Home Project Workflow

Well, its this time of year. A combination of inspiration and energy to start new development projects and a frustration due to the ratio I spend at scaffolding versus the ideas themselves. What to do? Why not ponder the yearly renewal of my workflow and tool-set?


  • Fast. This is my free time and my memory isn’t what it used to be. If the idea isn’t done soon it is gone forever.
  • Timeless. Next time inspiration hits, an updated tool-set or module versions should not break your stride.
  • Simple. I want to force myself to think small (and doable). If it helps, Mozart is praised for the simplicity of his melodies.
  • Rich. I want to be able to use the latest gadgets with as much default settings as possible.
  • Friendly. Friends should be able to quickly drop in and out of the project to contribute and socialize.

Development cycle

  1. Wait, why doesn’t this exist already?. Ponder great ideas, draw diagrams, sketch business plans. Not covered in this post.
  2. Run, Forrest, run. Write code, design UIs, download the latest buzz, create and run unit-tests to verify that all party members are still behaving properly.
  3. Is it good enough yet? Play around with the new features, perhaps invite a friend to give some valuable feedback.
  4. Awe the world. Let it loose in the wild, sit back and enjoy a cup of tea while clapping yourself on the back.

Run, Forrest, run

All right, the little grays have decided on a target for the next 4h cycle. Something is to be modified to make that happen, and in my line of projects that tend to be text. Glory comes in many forms.

Some ground rules:
  • Version control. Not that I’ve ever rolled back changes in home-grown projects, but it is cheap, easy, a nice place to store the glory and simplifies in a lot of ways. I’ve long since grown out of the idea that my innovations are that innovative and must be kept secret and use Github or other public free services.
  • Fast recycling. I find that home-projects for various reasons must be optimized for a short attention span. One development cycle should be estimated to about 4h from start to finish, or risk getting stuck in an incomplete state from where it is much less likely you’ll start again when you get back to the task a few weeks later.
  • Modularization. Dream big, build small. Divide your million-dollar ideas into smaller parts, where each part is an individual project, e.g. one repository in github, one test suite etc. Assemble into bigger pieces.
Text editing

Call me old-fashioned, or perhaps new-fashioned?, but I’m aiming for a text editor workflow.

  • I am very fond of my copy of Sublime Text in its Simplicity
  • Eclipse and Visual Studio seem to limit my options (think Rich) rather than aid my productivity. This is of course a big question of technology stack.
  • All my Friends have a text editor

This, however, leads to higher requirements/focus on a scripted workflow.


The new kid on the block, but it offers a few things I want to try out.

  • I can, at least in theory, start an entire eco-system of ready-made-by-others services with a single Docker Compose command.
  • No need to install dependencies such as a specific database version on my current computer (or my Friends)
  • Neat way to package other services when assembling a new application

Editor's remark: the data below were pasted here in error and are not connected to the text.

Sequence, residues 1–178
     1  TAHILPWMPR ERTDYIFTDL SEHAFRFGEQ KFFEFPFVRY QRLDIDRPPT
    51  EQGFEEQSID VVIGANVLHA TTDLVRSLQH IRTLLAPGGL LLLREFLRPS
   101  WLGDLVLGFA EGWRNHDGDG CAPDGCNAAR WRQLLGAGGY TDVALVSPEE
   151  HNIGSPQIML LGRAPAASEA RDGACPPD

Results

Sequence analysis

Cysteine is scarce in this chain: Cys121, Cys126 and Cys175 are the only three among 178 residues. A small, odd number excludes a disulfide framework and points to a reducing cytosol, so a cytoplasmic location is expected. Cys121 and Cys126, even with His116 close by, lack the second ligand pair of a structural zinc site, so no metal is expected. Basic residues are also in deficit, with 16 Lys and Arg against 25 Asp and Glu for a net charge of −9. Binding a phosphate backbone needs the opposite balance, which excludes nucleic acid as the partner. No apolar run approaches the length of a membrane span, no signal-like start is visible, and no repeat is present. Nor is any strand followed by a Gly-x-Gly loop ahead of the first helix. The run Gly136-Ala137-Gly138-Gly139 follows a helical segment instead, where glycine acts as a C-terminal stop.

• Should provide a simple deployment model for runtime environments

Docker in the development phase however comes with a drawback. I want to be able to view/test my changes directly after saving my latest text modifications. As my text editor is running on my host, that basically means I have to automate deployment of changes to the Docker image hosting the current code project.

Again, I’m pushing some complexity into the scripted workflow.

Workflow summary
  1. Inspiration hits. Run to computer.
  2. Open a terminal window, type cd project && subl . && gulp up to start the project environment
  3. Make changes to a text file or two. Save.
  4. View results, e.g. open web browser to app UI or unit-test report
  5. Type Ctrl-Cin the terminal window to bring the environment down
  6. Commit to Github

Note to self: The development environment should NOT be used as a runtime environment; adding interesting data, playing around with interactions and showing friends should be relegated to a stable acceptance test environment. The development environment should be a bare minimum environment, containing stable test data, test cases, mocked services where possible. All in the aim of Fast and Simple.

Friendly requirements

The following requirements should be all that is required of friends before jumping in.

  1. Install Docker
  2. Install node and gulp (we need a bootstrap that is hip and platform-independent)
  3. Check out project from GitHub

Is it good enough yet?

It might be overkill, and doubly so in case of module/library projects, but when it comes to “customer-facing” applications I want a just-as-production-but-with-simpler-data environment. Also an excellent place to run automated integration and system tests.

This essentially means an identical setup of whatever cloud services I’m using in production.

  1. Commit changes to GitHub (see previous chapter)
  2. Travis CI kicks in
  3. Builds, packages, beautifies
  4. Runs automated unit-tests (fails build if necessary)
  5. Deploys to acceptance test environment
  6. Runs automated ui and integration tests with a nice report being published somewhere

Wait, what? That’s right, I’m busy with a cup of coffee, remember?

Awe the world

One click should always be enough. Ask Travis CI to deploy the the production environment.

What now?

Right. Time to roll up my sleeves and see if I can make this work.